They may be popular among Dalit men, but in India, inter-caste marriages can have deadly consequences. According to Kiruba, the Hindu nationalists oppose inter-caste relationships and marriages in order to protect caste purity. Describing them as “Indian caste-based supremacists,” she says they see inter-caste marriage as a serious threat to their ideology.
The constitution says that equality prevails […]. Social laws say that inequality and the caste system prevail. The way courts deal with honour killing is a good example that something’s off here. That’s why we need to change the social laws. Because when social justice is not guaranteed, we pave the way for a hierarchical Hindu society based on inequality.
Violent attacks on inter-caste couples, especially by their family members, are quite prevalent in Indian society. The family members of the high-caste boy or girl often end up carrying out honour killings. They kill either their own children or their low-caste lovers. Kiruba has dealt with many cases of honour killings, and on numerous occasions she’s given legal help to inter-caste couples.
As a lawyer, she can even convene inter-caste marriages—to the grave dislike of some. One such time, she suffered not only a rhetorical blowout, but a devastating physical one, too. To prevent this marriage from occurring, she was intimidated at her house and over the phone. One day, as she was returning from court, unidentified ruffians stabbed her on the left side of her body. Bafflingly, the police investigators assigned to her case were more interested in getting the name of the fiance, a Dalit boy, rather than going after the dominant caste girl’s family. The police officers questioned Kiruba’s mother about it when her daughter was still unconscious.
Having lost a lot of blood, Kiruba says her condition was “very serious.” She still has a long vertical scar from her chest to her abdomen from the operation the doctor performed to verify that none of her internal organs had been damaged. When she came through, her mother pressured her for days to give up the name of the boy. She even wanted her to give up human rights work altogether, and start a “normal family life,” as she called it. “Because I didn’t oblige, my family temporarily excommunicated me,” says Kiruba. “For a few years, I only spoke to one of my elder sisters.”
Don’t stop speaking out
Since the attack, Kiruba has continued to speak and write about the issues she cares about: caste and gender based discrimination, discrimination in academic spaces, state repression, death penalty, Dalit women’s empowerment, indigenous rights, LGBTIQ rights, the advancement of disadvantaged groups, and the freedom of expression. She’s frequently asked by news media to reflect on Supreme Court rulings, or hot button issues such as the #MeToo movement. Her social media accounts are other platforms she uses to share her views. Appallingly so, in response to her advocacy, Kiruba routinely receives insults, and even rape and death threats—both online and offline.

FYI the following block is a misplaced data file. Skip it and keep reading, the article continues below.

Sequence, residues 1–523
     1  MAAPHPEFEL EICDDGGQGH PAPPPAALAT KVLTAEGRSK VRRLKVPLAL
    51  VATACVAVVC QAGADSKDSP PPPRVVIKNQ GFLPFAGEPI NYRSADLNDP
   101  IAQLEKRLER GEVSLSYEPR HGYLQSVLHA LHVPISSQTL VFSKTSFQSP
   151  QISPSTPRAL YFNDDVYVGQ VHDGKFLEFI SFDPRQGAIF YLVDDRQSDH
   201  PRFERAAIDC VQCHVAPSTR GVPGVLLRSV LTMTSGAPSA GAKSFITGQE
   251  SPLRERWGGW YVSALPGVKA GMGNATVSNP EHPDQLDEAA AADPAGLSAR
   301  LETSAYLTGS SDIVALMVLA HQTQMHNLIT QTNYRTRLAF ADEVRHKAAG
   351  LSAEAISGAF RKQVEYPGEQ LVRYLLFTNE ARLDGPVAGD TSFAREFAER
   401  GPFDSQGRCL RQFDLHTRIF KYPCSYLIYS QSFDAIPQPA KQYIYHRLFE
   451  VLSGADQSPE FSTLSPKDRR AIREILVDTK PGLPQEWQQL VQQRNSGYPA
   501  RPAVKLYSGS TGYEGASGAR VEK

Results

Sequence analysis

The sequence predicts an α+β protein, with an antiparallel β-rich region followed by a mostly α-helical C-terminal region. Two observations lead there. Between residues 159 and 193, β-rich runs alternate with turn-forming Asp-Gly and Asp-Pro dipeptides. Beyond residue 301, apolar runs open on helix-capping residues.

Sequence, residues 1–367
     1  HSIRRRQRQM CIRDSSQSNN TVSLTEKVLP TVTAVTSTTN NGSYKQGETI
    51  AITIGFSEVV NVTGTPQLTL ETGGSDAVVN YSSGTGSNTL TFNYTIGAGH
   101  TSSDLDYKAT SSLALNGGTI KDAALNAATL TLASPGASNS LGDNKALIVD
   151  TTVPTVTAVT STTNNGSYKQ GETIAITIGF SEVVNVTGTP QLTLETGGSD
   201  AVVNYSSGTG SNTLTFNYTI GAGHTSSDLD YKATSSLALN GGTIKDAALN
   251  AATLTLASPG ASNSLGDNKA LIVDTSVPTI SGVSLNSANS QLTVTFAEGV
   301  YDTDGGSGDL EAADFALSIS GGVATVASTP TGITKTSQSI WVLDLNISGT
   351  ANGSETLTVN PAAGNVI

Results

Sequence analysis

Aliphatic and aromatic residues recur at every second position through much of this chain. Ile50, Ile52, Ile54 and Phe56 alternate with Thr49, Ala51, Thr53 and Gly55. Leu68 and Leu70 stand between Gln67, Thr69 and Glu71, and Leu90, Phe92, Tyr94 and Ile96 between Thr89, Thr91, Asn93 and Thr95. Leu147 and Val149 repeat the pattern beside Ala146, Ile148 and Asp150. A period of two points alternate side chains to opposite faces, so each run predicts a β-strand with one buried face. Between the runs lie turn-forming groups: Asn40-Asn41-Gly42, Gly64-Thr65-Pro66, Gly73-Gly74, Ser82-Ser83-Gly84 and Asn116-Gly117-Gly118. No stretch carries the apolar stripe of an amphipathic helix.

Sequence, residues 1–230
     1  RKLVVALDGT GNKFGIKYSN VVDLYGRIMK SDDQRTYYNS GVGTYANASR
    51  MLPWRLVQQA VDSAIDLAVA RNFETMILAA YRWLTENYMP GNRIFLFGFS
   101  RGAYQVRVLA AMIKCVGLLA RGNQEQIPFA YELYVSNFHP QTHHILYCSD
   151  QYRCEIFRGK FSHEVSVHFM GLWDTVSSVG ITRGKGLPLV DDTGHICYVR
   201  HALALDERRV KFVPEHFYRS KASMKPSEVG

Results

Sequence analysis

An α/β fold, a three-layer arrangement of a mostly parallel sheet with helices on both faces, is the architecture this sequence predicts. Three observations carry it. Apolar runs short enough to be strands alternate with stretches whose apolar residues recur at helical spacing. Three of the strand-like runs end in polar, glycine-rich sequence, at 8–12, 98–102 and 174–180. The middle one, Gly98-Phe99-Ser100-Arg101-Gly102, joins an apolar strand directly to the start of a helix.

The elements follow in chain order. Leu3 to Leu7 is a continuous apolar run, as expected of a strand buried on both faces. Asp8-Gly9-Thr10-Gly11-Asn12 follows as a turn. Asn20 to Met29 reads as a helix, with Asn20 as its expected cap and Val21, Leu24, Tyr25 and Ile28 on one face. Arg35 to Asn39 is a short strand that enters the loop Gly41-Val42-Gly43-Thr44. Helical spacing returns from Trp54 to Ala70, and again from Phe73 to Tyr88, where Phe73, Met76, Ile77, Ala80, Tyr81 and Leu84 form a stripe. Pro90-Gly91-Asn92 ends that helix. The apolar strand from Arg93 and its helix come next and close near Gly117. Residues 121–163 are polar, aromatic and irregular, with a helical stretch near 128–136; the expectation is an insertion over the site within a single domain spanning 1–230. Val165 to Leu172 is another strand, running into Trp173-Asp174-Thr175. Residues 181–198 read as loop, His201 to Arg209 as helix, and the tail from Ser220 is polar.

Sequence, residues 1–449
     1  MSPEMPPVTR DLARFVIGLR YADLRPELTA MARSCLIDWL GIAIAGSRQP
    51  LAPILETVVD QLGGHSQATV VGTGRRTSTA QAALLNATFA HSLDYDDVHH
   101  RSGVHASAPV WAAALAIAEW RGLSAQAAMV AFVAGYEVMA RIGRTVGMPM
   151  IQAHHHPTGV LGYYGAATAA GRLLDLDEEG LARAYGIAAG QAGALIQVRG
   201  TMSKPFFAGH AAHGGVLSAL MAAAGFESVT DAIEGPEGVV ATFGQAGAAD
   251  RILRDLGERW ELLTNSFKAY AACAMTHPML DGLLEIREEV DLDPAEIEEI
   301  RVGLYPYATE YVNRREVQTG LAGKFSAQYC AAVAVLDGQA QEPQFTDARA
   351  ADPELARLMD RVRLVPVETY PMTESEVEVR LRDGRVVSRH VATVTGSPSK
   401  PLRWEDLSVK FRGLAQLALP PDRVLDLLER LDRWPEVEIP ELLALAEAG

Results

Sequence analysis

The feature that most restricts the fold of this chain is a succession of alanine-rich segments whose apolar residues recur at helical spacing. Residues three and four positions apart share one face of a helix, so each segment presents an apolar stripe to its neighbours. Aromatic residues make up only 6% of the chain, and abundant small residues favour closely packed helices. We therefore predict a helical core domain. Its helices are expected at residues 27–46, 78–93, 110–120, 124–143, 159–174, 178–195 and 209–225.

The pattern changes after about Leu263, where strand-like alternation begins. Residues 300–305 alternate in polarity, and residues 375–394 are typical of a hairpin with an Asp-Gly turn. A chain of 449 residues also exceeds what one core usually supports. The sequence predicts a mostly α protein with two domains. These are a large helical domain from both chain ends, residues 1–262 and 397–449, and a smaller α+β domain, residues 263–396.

She worries about her safety, and for good reason. The Indian government has been intensifying its crackdown on activists and human rights groups. Meenakshi Ganguly, the South Asia director at Human Rights Watch, recently described the current situation as follows:
“The room for dissent in India is getting ever smaller, and anyone who critici[s]es government actions can become a target. […] Authorities seem more interested in silencing activists and journalists than in addressing the problems they bring to light.”
On Facebook, Kiruba has seen posts in which people offer prize money to cut off the tongue of prominent writers. She knows of people that were arrested just because they were carrying a book about tribal activist movements. Dozens of writers and activists are living under house arrest. The right to expression is being curtailed—fast.
In many ways, the society Kiruba lives in constitutes a hostile environment for her work. But she feels she has a responsibility to counter false narratives that attempt to pit groups against each other. With national elections just two months away, some Hindu groups are targeting people that speak out against discrimination, labelling them anti-nationalist or ‘Naxal,’ a popularised term to describe a member of the armed wing of the Communist Party of India. “Obviously, we are not militants,” says Kiruba. “We are just trying to make this government, and this country, more equal, and more secular.”
Kiruba finds encouragement in the words and life of Dr. Ambedkar, a Dalit man from Maharashtra state in west-central India. He was the drafting committee chairman of the Indian constitution and the first law minister of India from 1947 to 1951. Dr. Ambedkar inspired thousands of Dalits to study, to choose the profession they like, and to live a life with human dignity. One of Kiruba’s favourite Ambedkar quotes is: “Cultivation of mind should be the ultimate aim of human existence.”
“Like him, I too have a duty to serve my community and do my best to uplift their social position,” she says earnestly, adding: “Wherever I go, my message will always serve that purpose.”